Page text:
Principal Thoughts: What does 2018 hold for the Built Environment? Certainly more advances in technology – but, hopefully, more and better talent.
Posted on: 5 February, 2018
Welcome to the latest edition of Ashley Wheaton’s ‘Principal Thoughts’. This time, Ashley looks at how it’s becoming ever more apparent that the current levels of training and education for the Built Environment aren’t adequate to meet the sector’s growing needs.
In 2018, an overarching trend for the Built Environment remains the significant need for skills within the sector at all levels. New home building picked up in 2017, but it’s still a long way short of the annual 300,000 target set by the government. And if migration numbers continue to fall post-Brexit, the supply side of the housing equation will be even more pressing than in previous years.
The talent supply is both insufficient and inadequate to meet the stated demand. The Built Environment needs to nurture talented people with the potential to progress all the way to – and enter at – board level; thereby providing their organisations with the resilience to deal with both the current issues such as the housing crisis and future challenges such as developments in technology and offsite manufacturing.
With a worsening skills gap and housing crisis, and the UK’s productivity lagging further behind our main competitors, it’s clear we need more senior leaders in the Built Environment who can deal with managing innovation, culture change, competitive strategy, and high-performing teams.
Why is there still a bias against vocational education?
There was a landmark shift in the delivery of apprenticeships in 2017 – thanks to the Apprenticeship Levy – yet apprenticeships are still being viewed by some as an inferior career choice. Often people think they are purely for young people, for school leavers at entry level who have no other option; rather than an effective and equally legitimate route to work experience and skills, and professional qualifications and employment.
So how must apprenticeships evolve for the rest of 2018 and beyond? This year, I hope that an increase in apprentices studying at undergraduate and postgraduate degree levels will challenge perceptions of what an apprenticeship is and who it’s for. We look forward to seeing how our leadership apprenticeship programme – tailored to the needs of the Built Environment – will help to equip the future leaders of our sector.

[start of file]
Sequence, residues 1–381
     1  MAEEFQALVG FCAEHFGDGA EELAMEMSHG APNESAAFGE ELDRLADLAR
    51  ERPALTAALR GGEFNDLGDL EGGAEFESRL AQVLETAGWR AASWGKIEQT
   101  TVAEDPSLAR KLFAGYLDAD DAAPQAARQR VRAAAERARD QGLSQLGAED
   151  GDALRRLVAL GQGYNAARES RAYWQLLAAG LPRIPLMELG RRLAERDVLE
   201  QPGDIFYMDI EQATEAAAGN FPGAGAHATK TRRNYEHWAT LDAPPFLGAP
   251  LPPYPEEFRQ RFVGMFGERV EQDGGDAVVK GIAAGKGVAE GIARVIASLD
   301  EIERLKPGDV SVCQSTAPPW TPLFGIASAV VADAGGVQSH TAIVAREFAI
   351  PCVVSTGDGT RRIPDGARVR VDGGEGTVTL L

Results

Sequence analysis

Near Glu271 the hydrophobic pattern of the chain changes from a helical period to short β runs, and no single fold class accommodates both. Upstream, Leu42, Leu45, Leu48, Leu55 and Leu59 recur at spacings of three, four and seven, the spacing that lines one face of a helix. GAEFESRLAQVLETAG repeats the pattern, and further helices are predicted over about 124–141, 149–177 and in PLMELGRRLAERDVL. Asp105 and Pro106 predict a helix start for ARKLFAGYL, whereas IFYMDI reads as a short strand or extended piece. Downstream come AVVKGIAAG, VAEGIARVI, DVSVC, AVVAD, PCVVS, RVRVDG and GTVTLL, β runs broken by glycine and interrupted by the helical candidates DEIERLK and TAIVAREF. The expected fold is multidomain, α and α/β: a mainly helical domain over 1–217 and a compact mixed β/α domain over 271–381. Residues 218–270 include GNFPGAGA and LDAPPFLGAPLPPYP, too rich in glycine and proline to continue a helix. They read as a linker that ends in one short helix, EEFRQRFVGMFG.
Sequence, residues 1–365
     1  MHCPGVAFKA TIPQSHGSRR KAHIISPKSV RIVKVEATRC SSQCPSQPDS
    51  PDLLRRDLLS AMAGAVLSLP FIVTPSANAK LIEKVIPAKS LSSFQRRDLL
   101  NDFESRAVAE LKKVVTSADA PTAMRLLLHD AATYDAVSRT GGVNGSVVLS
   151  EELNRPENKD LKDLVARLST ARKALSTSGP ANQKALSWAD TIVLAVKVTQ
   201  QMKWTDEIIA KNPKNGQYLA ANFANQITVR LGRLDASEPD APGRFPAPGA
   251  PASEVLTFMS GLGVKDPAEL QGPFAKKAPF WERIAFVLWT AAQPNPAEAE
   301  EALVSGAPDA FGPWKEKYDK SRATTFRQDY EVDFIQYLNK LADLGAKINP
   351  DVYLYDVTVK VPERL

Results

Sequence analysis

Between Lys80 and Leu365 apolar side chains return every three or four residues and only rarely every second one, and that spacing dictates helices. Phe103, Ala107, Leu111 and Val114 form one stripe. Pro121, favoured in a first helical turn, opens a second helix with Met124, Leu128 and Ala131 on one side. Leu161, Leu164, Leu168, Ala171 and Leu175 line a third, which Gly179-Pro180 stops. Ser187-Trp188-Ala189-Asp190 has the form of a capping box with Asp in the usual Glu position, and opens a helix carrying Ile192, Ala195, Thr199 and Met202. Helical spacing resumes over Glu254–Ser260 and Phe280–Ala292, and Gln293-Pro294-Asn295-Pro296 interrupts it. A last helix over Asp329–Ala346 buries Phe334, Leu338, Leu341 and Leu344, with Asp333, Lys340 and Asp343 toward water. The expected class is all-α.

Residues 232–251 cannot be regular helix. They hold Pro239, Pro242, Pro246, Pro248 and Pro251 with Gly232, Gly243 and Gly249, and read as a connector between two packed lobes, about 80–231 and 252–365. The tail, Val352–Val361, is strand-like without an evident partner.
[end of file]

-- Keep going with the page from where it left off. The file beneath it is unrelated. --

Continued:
Our Senior Leader Master’s Degree Apprenticeship is targeted at those in senior and strategic leadership roles who want to develop their knowledge and skills set. Individuals will benefit from an integrated programme supported by their employer, which includes our MBA Construction and Real Estate and leads to apprentices being awarded CMI Chartered Manager status. Companies will secure greater value from the Levy; accelerating the development of their managers so they can contribute more to the success of the business.
I’d dearly like to witness that by this time next year we will have a significant increase in the number and quality of apprenticeships. And I hope that there will be more skills available in the sector to aid the talent shortage and meet the challenges which lie ahead; and, most importantly that the perception of vocational education will have shifted – positively and permanently.
And I’m also looking forward to a further boost in 2020 with the introduction of the T-level course in construction, an alternative to A-levels for more practical learning.
What else does 2018 hold for the Built Environment?
As always, technology is having an ever-greater impact on the sector. Every year, concepts that were once the stuff of science-fiction – are now being steadily incorporated into every day working life.
Some innovations which are going to be more prevalent in 2018 include autonomous vehicles – helping to address a shortage of skilled labour and enhancing productivity – and exoskeletons, wearable mechanical suits to help with lifting heavy equipment.
And as a result of the housing crisis, the rapid retirement rate of sector workers and sustainability initiatives, offsite and modular construction are becoming major factors in house building. The UK Government is actively encouraging new (and faster) building techniques and entrants to the housing market to meet their aim of building 1million new homes before the end of 2020.
The most important piece in solving the housing and skills crisis will be about innovation in all areas – I have high hopes for 2018.
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